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    @Lundin: you make it sound as if I am denying that? I said that we don’t know. Your answer makes it sound as if we do. I am asking you to provide evidence for that and stated why I think we need something more than the anecdotal information provided so far. – Martijn Pieters Jul 2 at 14:23
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    I don't think anyone disputes the fact that low quality content existed from the beginning of the universe. This is, in no small part, why Stack Overflow was created to begin with. I think that what changed (maybe when Jeff left, maybe at some other time), is the company's views and treatment towards such content, as well as the users who generate it. Jeff's approach was "we value the experts' time more than anything else, and so we'd do anything to preserve it", which I didn't agree with 100% because we can do better at educating our newer population. – Madara Uchiha Jul 2 at 14:27
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    But now it has been shifted to "we want everyone to participate equally as much as possible", which is, in my opinion, even worse, because to do it, you kinda have to ignore a lot of the work and investment already made by a lot of people, and settle for less quality. If you close someone's question, no matter how well intentioned or phrased, you are unwelcoming. This is immutable. – Madara Uchiha Jul 2 at 14:28
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    @MadaraUchiha I still have to see more than conjecture on that subject. Not treating people like trash is not the same thing as treating trash content as trash. However, I really don’t want to go down that rabbit hole of a discussion, that’s for other posts. – Martijn Pieters Jul 2 at 14:31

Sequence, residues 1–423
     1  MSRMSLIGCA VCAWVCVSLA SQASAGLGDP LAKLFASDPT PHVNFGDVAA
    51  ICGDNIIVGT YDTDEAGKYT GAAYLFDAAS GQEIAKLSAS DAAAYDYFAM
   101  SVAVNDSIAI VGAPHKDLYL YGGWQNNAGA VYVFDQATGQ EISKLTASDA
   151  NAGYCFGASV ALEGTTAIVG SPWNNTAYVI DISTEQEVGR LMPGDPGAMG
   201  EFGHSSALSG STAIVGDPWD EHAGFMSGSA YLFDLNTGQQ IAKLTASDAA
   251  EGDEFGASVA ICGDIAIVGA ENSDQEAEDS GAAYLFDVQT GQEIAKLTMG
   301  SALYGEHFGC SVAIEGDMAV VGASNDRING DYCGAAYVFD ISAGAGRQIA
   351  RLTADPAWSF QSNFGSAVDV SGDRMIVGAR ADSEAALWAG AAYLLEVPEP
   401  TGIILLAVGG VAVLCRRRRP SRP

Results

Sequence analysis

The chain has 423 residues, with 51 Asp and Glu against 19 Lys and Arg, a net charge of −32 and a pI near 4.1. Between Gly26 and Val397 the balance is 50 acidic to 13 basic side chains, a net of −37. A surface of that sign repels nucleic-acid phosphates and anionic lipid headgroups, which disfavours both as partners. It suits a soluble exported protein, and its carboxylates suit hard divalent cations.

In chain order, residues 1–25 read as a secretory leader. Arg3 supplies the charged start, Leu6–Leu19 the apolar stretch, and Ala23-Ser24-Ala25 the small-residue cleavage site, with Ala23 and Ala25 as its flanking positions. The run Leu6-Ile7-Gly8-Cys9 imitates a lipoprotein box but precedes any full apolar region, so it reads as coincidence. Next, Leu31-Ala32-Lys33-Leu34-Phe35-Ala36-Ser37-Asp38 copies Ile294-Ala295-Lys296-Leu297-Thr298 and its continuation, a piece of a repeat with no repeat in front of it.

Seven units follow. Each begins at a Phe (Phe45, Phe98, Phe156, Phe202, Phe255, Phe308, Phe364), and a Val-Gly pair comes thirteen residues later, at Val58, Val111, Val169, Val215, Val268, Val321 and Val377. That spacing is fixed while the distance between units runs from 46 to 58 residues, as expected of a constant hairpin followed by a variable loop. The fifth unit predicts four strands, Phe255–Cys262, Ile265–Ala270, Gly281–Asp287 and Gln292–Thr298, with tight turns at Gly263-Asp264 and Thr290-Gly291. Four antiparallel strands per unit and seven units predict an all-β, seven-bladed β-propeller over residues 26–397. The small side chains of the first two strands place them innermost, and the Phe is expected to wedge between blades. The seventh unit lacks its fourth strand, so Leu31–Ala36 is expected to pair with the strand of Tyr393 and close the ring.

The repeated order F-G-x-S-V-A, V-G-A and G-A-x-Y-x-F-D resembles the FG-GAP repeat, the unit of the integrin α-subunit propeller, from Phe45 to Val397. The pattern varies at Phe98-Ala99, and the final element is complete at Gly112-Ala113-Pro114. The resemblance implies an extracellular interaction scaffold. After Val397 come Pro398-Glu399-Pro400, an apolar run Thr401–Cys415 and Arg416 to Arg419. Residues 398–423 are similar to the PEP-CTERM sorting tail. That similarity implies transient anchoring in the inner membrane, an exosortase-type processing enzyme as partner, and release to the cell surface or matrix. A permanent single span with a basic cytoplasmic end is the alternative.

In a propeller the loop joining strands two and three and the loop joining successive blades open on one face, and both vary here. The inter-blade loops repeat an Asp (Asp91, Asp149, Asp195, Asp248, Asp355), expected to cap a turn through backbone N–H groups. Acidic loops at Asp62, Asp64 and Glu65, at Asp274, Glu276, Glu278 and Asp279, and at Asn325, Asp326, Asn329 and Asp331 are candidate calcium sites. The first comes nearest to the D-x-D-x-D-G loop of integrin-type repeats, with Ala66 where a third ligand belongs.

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Check Your Tag

I'll echo a sentiment many others have mentioned: this isn't new.

I'm a team lead in my department, so I end up being responsible for interviewing and placing the majority, if not all, development interns in my office. Over the past few years, I can tell you I've noticed one massive change: students are being taught in C#. At least for the ones I deal with, this is almost exclusively; they come in with a little bit of HTML, CSS, and JavaScript, and a boat load of C#. No PHP. No Python. No Java. No C++. Not even C.

The fact that you lurk in C# suggests to me that you've just been a little behind the curve on all the homework questions on this site. Well, C# is the new hotness is schools (apparently), so you've started getting the homework questions C++, Java, and Python have been seeing for years.

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    Interesting. As a current student, Java seems to be still very dominant. I do agree that knowledge in C is very much on the way out. – Jack Strosahl Jul 2 at 16:41
  • @JackStrosahl: So you say. – Robert Harvey Jul 2 at 19:29
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    @RobertHarvey Anecdotally at least, very few students know C. Also, the TIOBE index does specify it is based on the number of skilled engineers, not students. – Jack Strosahl Jul 2 at 20:09
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    @RobertHarvey C knowledge is definitely on the way out... for students. This is a big problem for the industry. – Michael W. Jul 2 at 20:34
  • Are most or all of your interns local? Maybe you just need to prod the local Institutes of Higher Education into changing the curiculum to encourage those other languages that you need as an employer. – 1201ProgramAlarm Jul 2 at 20:47
  • @1201ProgramAlarm I personally don't need C knowledge at my workplace. This has been a problem for others in my geographic area, though. – Michael W. Jul 2 at 22:02